From the June 3, 1933, issue


Mechanical men reveal to the visitors of the Century of Progress exhibition the physiology and chemistry of the human body.

The famous transparent man, manufactured in Germany, as a life-sized display of the vital organs of human anatomy is a central exhibit in the medical section of the Hall of Science. He is illustrated on the front cover of this week’s Science News Letter.

The life-sized model transparent man obtained by the Century of Progress from the famous Hygiene Museum at Dresden has his exterior made of a synthetic transparent material. Heart, lungs, the stomach, liver, and other interior organs are lighted in rotation to show vividly to the visitor their relation to the surface of the skin.

An American robot, 10 feet high, who speaks and gestures, and explains an illuminated interior view of himself is a part of the chemical exhibit.


To the cosmic rays, the light of the stars and other detected radiations from outer space, there has now been added a mysterious Milky Way static or radio impulse that seems to come from the vicinity of the very heart of the Milky Way.

Karl G. Jansky, of Bell Telephone Laboratories, discovered this cosmic “hiss” while working with an extremely sensitive receiving set at Holmdel, N.J. Disentangling this particular kind of static from other sorts that are heard in radio sets, Mr. Jansky noted that the hiss was always a little stronger coming from one direction than from all other directions and that this direction of maximum static hiss was continually rotating around the horizon.

Mr. Jansky made many observations, attempting to check the idea that the hiss had something to do with the sun’s position and the Earth’s daily motion. He discovered that the direction of this hiss progressed slightly in position in the sky with each day. For a year he gathered observations daily, without making any scientific announcement. Apparently the hiss was not following the sun, but something that gained on the sun 4 minutes a day or a whole rotation of the heavens in a year. This is exactly what the stars do, as every amateur astronomer or stargazer knows.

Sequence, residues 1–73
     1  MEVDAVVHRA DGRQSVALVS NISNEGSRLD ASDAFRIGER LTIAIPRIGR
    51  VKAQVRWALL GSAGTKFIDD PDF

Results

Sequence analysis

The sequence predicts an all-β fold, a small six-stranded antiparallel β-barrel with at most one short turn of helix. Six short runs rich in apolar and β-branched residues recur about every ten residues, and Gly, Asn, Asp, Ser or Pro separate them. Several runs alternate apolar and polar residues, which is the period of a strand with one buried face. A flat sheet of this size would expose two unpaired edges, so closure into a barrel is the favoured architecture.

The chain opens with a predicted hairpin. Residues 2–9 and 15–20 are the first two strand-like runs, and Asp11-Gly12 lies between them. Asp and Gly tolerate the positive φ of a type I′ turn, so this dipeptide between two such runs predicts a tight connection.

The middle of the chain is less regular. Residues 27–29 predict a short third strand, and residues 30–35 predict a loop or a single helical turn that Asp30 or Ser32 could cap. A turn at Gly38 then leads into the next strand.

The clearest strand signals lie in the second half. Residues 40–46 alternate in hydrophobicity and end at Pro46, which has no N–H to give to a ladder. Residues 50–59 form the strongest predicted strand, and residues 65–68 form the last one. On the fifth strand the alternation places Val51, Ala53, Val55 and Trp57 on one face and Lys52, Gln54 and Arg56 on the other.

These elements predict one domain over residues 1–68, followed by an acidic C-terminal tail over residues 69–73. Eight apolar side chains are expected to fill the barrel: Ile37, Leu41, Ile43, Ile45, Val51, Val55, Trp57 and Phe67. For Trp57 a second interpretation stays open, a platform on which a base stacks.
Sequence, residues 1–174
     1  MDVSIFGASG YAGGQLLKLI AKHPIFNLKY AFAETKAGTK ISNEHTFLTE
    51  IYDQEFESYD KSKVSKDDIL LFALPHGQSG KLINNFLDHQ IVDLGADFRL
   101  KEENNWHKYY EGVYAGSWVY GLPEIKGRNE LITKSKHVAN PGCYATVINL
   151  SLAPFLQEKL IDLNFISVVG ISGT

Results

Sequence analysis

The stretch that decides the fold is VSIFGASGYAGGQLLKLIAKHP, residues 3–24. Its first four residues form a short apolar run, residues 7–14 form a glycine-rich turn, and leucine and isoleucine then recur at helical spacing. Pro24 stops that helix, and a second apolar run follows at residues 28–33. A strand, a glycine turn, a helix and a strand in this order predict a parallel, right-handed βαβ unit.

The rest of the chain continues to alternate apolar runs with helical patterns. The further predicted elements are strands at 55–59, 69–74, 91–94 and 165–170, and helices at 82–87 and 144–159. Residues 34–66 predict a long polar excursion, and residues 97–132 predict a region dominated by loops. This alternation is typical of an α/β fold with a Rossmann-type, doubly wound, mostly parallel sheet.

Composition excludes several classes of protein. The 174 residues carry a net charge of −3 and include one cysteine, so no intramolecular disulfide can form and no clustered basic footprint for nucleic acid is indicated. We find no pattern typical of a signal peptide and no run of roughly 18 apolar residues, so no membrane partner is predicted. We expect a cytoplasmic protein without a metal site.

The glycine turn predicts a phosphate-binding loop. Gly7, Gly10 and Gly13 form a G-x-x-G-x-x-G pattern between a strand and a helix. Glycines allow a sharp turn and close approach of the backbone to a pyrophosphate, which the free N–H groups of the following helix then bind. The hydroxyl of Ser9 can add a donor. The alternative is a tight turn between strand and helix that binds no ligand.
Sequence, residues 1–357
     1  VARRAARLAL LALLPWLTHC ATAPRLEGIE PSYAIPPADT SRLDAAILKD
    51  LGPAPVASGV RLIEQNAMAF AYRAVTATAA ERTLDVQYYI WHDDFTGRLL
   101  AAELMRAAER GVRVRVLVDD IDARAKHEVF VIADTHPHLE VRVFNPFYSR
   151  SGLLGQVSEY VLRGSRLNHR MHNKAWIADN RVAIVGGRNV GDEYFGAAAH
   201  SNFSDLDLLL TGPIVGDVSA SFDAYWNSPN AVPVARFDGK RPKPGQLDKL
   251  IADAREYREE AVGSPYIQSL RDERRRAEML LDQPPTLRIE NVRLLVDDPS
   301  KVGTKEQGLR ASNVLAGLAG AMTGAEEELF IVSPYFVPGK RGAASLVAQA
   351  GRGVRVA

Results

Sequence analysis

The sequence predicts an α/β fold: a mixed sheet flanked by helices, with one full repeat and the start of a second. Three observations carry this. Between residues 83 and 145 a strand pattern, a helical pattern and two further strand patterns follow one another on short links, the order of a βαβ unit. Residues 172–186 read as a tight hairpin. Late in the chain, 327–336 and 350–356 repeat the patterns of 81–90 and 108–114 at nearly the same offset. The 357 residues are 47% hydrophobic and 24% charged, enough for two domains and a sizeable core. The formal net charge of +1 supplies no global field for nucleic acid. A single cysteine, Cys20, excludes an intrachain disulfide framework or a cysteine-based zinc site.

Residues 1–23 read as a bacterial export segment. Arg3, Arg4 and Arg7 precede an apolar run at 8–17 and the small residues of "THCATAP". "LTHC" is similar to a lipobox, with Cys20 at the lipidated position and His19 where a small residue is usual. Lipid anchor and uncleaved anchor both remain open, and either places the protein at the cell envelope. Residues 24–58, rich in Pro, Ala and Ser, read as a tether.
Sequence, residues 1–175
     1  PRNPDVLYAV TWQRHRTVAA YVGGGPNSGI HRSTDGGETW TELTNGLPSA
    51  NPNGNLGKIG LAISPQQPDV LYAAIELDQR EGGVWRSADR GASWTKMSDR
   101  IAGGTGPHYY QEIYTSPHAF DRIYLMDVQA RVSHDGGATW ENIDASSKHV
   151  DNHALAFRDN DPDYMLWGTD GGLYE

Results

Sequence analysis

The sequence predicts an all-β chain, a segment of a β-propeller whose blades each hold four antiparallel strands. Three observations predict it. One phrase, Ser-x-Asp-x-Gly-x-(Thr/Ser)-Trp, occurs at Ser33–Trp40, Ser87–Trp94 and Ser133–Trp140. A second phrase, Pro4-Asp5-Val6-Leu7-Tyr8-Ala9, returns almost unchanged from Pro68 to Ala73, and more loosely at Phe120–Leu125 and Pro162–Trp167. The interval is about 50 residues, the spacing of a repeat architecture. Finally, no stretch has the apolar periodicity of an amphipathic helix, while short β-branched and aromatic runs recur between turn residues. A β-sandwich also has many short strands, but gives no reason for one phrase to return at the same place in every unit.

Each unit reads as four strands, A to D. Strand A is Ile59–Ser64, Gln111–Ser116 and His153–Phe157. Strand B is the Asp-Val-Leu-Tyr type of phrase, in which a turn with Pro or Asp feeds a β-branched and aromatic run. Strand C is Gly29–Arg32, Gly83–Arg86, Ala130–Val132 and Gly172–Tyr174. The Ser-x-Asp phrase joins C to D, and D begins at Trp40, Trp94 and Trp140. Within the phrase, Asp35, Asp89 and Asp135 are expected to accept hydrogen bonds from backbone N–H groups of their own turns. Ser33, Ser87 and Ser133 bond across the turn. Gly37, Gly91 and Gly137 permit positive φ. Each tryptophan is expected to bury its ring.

The cosmic static was therefore seemingly hitched to a given place in the heavens or the Milky Way. It is a stream of radio impulses coming from some fixed point outside the solar system in the great aggregation of stars, known as they Milky Way, in which our sun is a mere minor star.


Apes can be taught how to use “money” to buy the food delicacies they enjoy, to choose a small white token rather than a larger one with less purchasing power, and even to “hoard” more of the tokens than they can spend at one time and to discard worthless brass checks. They will work just about as hard to earn the “money” as they will for a direct reward of food.

This ability of animals lower in the scale than man to realize the significance of symbols was revealed in Washington when Dr. John B. Wolfe, National Research Council Fellow, reported to the Division of Anthropology and Psychology of the Council experiments he had been making, under the direction of Dr. Robert M. Yerkes, with chimpanzees in the Laboratories of Comparative Psychobiology at Yale.

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